With an opportunity to attend an aviation conference in Athens, Greece we were lucky to fly and transit through Vienna in November 2003, so stopped to have a look around for a few days.

It was so very cold when we arrived rather early in the morning.  Coming from warmer Sydney it was a shock and we were not prepared with warm clothes. It didn’t stop us getting out and about to see some sights of a beautiful European city. The Christmas markets were on so it was a fun and interesting time to visit.

Austria’s capital was intriguing and is famous for its cultural events, imperial sights, coffee houses, cosy wine taverns, and the very special Viennese charm. Vienna’s history dates back to the first post-Christian century when the Romans established the military camp.
We found the city to characterised by the abundance of baroque buildings that apparently were created mostly under the rule of Empress Maria Theresia and Emperor Franz Joseph, who was largely responsible for the monumental architecture round the Ringstraße.
We visited Schönbrunn Palace, the former imperial summer residence, as it is one of Vienna’s most popular sights. The sumptuous palace with its beautifully tended formal gardens, the Gloriette monument, Palm House and zoo attracts hordes of visitors each year. Then there is the huge Hofburg (Imperial Palace), which was the base of the Habsburgs for over six centuries.  Vienna’s prime landmarks are the gothic Stephansdom (St. Stephen’s Cathedral), the giant big wheel in the Prater (Vienna’s old recreational park), and the Spanish Riding School with its famous Lipizzaner horses.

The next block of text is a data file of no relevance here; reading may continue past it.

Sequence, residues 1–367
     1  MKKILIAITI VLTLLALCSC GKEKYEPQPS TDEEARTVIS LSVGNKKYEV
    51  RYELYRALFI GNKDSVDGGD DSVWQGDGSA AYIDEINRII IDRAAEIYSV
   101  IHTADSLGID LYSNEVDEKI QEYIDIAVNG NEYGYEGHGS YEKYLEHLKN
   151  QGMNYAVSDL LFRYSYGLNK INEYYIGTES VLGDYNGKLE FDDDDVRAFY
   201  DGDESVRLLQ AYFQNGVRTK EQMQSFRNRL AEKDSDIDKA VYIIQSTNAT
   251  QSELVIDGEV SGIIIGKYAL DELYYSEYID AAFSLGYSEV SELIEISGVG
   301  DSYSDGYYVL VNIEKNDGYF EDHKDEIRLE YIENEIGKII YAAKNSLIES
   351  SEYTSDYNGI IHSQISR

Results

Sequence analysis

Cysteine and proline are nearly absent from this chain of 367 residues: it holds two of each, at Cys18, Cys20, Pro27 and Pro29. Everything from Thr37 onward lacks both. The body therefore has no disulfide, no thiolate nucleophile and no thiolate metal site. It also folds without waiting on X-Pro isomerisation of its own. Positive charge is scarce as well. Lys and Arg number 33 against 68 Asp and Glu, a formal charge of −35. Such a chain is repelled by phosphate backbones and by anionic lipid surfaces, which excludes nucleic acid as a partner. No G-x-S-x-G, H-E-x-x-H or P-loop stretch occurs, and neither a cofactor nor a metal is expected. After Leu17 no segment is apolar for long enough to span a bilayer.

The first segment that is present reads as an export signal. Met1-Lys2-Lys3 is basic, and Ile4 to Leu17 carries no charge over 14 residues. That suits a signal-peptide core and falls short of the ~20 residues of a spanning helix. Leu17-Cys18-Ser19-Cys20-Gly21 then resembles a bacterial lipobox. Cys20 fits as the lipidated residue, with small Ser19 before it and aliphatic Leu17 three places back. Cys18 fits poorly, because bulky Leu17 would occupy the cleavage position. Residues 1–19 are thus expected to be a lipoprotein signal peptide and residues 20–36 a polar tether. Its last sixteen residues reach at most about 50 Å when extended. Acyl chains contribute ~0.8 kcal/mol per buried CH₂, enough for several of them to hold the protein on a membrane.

In the heart of Vienna, 200m from the State Opera, you’ll find a unique, tropical oasis – the Imperial Butterfly House. In one of the world’s most beautiful Art Noveau palm houses you can admire around 400 live, free flying butterflies all year round. Absorb the colours and grace with which they float through the air, past waterfalls and exotic plants, in an environment as true to nature as possible.

Vienna owes much of its international fame to the many celebrated composers who lived and worked here, including Strauß, Mozart, Beethoven and Haydn. The Vienna Philharmonic Orchestra is one of the world’s best, the State Opera amongst the leading opera houses, not to forget the famous Vienna Boys’ Choir.

It was easy in Vienna, to find the old coffee house culture and rustic wine taverns standing alongside top restaurants and shops. All of this, plus plenty of greenspace and recreational areas including the Wienerwald, the Prater and the Danube Island make Vienna a very special city to visit.

It was time to move onto Greece and some warmer weather.

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